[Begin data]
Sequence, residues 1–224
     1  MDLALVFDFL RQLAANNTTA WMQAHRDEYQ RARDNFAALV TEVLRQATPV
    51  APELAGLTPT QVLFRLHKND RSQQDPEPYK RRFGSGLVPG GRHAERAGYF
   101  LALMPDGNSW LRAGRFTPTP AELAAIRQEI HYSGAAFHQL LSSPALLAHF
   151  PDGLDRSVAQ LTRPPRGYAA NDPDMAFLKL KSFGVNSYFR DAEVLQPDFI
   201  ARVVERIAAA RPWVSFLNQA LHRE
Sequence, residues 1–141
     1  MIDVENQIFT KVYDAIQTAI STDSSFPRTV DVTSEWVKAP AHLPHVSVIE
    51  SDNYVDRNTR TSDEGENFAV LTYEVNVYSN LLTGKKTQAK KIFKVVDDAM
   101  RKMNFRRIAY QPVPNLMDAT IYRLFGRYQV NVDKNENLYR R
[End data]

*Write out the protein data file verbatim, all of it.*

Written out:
Sequence, residues 1–224
     1  MDLALVFDFL RQLAANNTTA WMQAHRDEYQ RARDNFAALV TEVLRQATPV
    51  APELAGLTPT QVLFRLHKND RSQQDPEPYK RRFGSGLVPG GRHAERAGYF
   101  LALMPDGNSW LRAGRFTPTP AELAAIRQEI HYSGAAFHQL LSSPALLAHF
   151  PDGLDRSVAQ LTRPPRGYAA NDPDMAFLKL KSFGVNSYFR DAEVLQPDFI
   201  ARVVERIAAA RPWVSFLNQA LHRE
Sequence, residues 1–141
     1  MIDVENQIFT KVYDAIQTAI STDSSFPRTV DVTSEWVKAP AHLPHVSVIE
    51  SDNYVDRNTR TSDEGENFAV LTYEVNVYSN LLTGKKTQAK KIFKVVDDAM
   101  RKMNFRRIAY QPVPNLMDAT IYRLFGRYQV NVDKNENLYR R